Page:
Aside from the famous ‘table’ part of Table Mountain (in Cape Town), the mountain range has many other areas of interest – one of which captivated me for years. A few months ago, I finally made a trip up to it: the King’s Blockhouse – situated on the slopes of Devil’s Peak.
According to this source:
“Following the first British occupation of the Cape in 1795, the existing Dutch line of defence, known as the “French line”, was extended by the addition of three blockhouses up the slopes of Devil’s Peak. These included the Queen’s Blockhouse, on the Zonnebloem Estate, the Prince of Wales, above present-day De Waal Drive, and the King’s Blockhouse further up the mountainside. The first two have since fallen into a state of disrepair but the King’s Blockhouse, a massive stone structure 7m square, located on a prominent point on the Devil’s Peak, was retained in use as a signal station for communication between Table Bay and False Bay. The line was further strengthened in 1814 when several additional redoubts were built, and at one stage served as the official boundary between Cape Town and the country districts beyond. The King’s Blockhouse was declared a National Monument under old NMC legislation on 4 February 1938.”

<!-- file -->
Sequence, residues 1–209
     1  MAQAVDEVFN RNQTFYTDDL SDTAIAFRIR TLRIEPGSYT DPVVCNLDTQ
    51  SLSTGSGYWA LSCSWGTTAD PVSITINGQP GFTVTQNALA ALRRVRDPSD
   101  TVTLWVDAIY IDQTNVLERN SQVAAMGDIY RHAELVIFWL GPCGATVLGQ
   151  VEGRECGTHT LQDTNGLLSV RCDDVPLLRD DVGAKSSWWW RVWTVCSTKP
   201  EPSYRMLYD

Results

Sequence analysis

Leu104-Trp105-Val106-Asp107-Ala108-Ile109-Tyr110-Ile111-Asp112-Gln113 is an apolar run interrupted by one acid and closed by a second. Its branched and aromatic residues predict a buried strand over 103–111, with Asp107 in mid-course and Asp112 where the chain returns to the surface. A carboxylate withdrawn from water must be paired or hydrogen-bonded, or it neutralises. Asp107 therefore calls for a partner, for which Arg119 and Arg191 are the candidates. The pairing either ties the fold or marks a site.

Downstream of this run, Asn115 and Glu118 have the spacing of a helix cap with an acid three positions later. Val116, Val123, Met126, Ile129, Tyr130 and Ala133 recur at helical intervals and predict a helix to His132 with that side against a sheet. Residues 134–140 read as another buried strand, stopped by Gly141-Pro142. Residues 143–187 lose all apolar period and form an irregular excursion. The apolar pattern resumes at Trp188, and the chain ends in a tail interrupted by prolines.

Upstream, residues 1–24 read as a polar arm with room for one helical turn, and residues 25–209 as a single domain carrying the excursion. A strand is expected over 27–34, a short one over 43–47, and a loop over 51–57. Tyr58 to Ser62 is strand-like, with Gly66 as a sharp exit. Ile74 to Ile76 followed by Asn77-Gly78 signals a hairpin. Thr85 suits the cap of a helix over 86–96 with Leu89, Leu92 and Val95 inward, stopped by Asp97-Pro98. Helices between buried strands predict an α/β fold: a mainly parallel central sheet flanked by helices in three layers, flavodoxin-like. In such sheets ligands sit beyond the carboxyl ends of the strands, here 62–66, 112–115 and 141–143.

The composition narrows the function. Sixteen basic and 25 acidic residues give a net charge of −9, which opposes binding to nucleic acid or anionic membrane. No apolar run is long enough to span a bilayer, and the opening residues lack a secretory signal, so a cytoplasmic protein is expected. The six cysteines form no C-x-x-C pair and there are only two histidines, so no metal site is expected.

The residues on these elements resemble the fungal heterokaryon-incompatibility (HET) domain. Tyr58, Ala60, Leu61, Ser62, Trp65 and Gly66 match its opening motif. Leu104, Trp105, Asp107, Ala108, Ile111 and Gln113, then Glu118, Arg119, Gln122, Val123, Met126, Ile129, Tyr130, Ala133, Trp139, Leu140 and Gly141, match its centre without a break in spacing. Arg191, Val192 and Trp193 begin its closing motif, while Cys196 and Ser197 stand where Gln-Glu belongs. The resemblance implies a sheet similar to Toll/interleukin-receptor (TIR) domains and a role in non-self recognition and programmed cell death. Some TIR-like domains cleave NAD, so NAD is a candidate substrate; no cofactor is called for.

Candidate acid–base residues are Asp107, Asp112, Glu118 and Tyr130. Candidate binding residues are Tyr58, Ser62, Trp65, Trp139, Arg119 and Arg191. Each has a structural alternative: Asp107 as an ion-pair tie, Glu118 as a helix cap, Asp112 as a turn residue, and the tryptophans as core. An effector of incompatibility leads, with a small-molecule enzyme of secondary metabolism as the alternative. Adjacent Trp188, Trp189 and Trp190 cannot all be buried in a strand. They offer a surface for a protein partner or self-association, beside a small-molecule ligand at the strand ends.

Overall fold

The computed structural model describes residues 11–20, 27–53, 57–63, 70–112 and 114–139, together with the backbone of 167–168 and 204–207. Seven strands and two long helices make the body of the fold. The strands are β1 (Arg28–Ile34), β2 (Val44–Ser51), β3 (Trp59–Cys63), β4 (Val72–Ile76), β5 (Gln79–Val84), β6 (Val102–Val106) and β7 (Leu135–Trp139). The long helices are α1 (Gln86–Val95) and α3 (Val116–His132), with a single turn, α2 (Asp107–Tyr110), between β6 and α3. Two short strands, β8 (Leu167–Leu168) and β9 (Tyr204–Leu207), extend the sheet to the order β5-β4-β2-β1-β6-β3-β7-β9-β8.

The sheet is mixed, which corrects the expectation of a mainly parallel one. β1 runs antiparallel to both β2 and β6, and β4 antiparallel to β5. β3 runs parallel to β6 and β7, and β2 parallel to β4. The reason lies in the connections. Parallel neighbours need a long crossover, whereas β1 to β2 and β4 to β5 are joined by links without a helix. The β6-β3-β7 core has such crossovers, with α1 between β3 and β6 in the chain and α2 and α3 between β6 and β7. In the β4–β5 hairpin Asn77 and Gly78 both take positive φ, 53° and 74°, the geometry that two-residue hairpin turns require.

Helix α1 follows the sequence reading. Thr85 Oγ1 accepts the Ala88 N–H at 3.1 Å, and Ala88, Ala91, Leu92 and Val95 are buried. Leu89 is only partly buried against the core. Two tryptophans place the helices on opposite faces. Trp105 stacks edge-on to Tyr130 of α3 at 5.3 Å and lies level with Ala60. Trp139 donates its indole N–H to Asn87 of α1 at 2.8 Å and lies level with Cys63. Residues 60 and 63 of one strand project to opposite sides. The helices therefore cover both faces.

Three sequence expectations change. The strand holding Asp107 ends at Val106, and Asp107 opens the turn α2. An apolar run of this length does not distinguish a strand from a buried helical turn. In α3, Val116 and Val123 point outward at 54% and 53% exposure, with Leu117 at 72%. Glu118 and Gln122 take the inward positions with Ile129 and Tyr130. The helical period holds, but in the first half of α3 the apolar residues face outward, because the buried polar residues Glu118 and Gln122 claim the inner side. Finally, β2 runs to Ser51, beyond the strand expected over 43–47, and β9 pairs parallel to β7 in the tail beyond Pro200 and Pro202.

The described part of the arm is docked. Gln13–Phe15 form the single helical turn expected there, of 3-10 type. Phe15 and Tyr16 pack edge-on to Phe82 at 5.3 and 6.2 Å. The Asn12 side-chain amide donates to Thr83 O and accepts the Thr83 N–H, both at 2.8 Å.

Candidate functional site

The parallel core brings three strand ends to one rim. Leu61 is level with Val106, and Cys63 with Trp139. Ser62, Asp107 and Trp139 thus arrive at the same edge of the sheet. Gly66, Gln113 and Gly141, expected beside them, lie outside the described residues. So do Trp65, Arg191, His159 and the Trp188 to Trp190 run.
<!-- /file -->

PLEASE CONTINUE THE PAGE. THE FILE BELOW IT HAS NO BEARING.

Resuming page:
So for those in Cape Town (or those who’ve visited), if you’ve ever gazed up at Devil’s Peak and noticed this castle-like structure on the hill, that’s the history behind it.
It’s a pretty easy hike – starting at Rhodes Memorial, and running for about 45 minutes in total, with only a little section being quite steep.